What advice would you give to your younger self?
Hindsight is a wonderful thing, but what do you wish you’d known as you floundered through your teens or early 20s? That's exactly the question we've been asking some of our wisest Woman's Hour guests - including actors Elisabeth Moss, Olivia Colman and Tamsin Greig, rappers Salt-N-Pepa, MP Harriet Harman and model Adwoa Aboah. The result is some TOP life advice, well worth bearing in mind whatever your age….
"No more settling!" is the rappers' joint piece of life advice. "No more committing to anyone who’s not committed to you."
Salt (pictured right) adds: "I'd say, 'Don’t let anyone take away your power, it’s just not worth it.' I think women try to do it all, especially in a relationship - they bend, they twist, they turn to fit into this box or this image that’s been put out there, of the greatest wife and the greatest mother. And then you end up losing yourself in the process. I’ve seen a lot of women drop their dreams to raise a family and you can do it all. Once you lose that part of you, life just becomes bland. Men come and go."
"I would say, ‘Don’t be afraid'," says Episodes star Tamsin. "'It will be difficult, it’s a hard road and you need perseverance - but don’t be afraid because there will always be surprising people to help you along the way, and keep your eyes open to recognise them.’
"The best piece of advice I ever had was from my beautiful mother-in-law, when she was here on earth. She said to me, ‘if something looks completely impossible, it’s probably the very thing you should be doing. So don’t say no too quickly.' It’s great, isn’t it?"
Olivia Colman and Olivia Williams
"You won't remember the good things people say, but you must forget the bad things," would be Broadchurch star Olivia Colman's advice to her younger self. "And don’t get cocky about hangovers, you definitely will get them one day!"
Fellow actor Olivia Williams (pictured right) adds: "I would tell my teenage self that she is very lucky she is European, that she should enjoy it while she can, that she is lucky she is growing up before social media so that ill-chosen haircut / remark / photo / boyfriend can be lost in the mists of time.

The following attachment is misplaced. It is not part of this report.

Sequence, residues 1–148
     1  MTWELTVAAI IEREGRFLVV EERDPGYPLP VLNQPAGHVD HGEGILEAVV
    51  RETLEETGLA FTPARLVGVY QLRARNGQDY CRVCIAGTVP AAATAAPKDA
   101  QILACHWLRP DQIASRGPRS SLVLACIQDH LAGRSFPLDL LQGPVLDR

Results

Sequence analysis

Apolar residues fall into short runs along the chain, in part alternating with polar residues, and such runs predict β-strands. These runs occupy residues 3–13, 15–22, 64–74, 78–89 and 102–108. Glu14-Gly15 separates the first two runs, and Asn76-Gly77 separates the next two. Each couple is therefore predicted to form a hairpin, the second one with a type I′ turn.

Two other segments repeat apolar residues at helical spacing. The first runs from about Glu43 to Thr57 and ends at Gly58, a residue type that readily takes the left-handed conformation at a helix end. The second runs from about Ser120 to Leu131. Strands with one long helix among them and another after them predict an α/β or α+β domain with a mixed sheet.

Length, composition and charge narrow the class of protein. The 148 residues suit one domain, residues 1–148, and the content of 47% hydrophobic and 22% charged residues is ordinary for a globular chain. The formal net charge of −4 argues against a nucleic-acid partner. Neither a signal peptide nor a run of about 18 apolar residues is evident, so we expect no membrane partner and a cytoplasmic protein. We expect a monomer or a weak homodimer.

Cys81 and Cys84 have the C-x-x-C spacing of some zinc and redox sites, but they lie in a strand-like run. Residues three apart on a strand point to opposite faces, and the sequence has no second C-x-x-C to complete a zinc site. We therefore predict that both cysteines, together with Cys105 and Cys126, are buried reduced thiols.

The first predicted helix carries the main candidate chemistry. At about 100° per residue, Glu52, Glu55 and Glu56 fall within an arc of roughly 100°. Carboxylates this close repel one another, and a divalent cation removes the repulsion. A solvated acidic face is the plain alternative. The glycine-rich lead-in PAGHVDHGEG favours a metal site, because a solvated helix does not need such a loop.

"I would tell her to learn to enjoy doing weekly accounts. And I would tell her that life will be better when she learns to listen and not be afraid of silence."
"I would tell myself not to stress about the outcome of things," says Mad Men and Top of the Lake actor Elisabeth.
"For me, I think there’s a sense of every mistake you make leads to kind of learning something and becoming stronger.
"I wouldn’t say I have zero regrets in my life... but I do think there are things that you learn in your twenties that are very valuable in your thirties. So I would just tell myself not to worry too much about things."
"To procrastinate less," says journalist and author of Running Like a Girl, Alexandra.
"When I think about the things that were stopping me from doing what I wanted to do – such as run a marathon, learn to swim, write a book – all those sort of big life goal things, the perceived barriers did not exist. They really were only mental or emotional.
"I could run, I just had to start going for some runs. I could write a book, I just was too scared to tell anyone I wanted to, or to show anyone my work. I couldn’t swim, but it did turn out that when you’ve had some lessons, it’s not so bad. That inaccessibility to this ‘future you’ is usually just imagined. I would like to have had someone shake me by the shoulders and tell me that 15 years ago!"
"My advice to me would be ‘be grateful’," says restaurateur-turned-author and soon-to-be host of the new Bake Off on Channel 4.
"I don’t know if I was sufficiently grateful when I was younger, but I am now. I think as you get older you do realise how lucky you are."
"There’s still a lot of progress that women need to make in their lives. We have made progress in the past, but we’ve had to fight for it," says MP Harriet Harman.
"I grew up at a time when the pinnacle of a woman’s achievement would be to get a good husband and once she’s got a good husband, then she became a housewife. And I was part of the women’s movement that said, ‘No we want to be on equal terms, we don’t want to be subordinate to men and we want to be able to do anything we want to do and not be told we can’t, just because we’re a woman!’
"The thing I would tell my younger self is, ‘It’s a really important thing to be doing. It’s hard to be doing, but unless we press forward for women’s rights, they won’t happen'."
"I would never want to change anything, because all these things have led me to this place," says model and Gurls Talk founder, Adwoa.
"So I would tell myself, ‘There is light at the end of the tunnel. Things will start to fall into place - I’m not sure when and where. But one day you’ll wake up, and you’ll have clarity and you’ll feel grounded and you won’t care so much about what everyone else thinks about you. You’ll do you, and you’ll be authentic, and you’ll be raw, and you’ll be amazing'."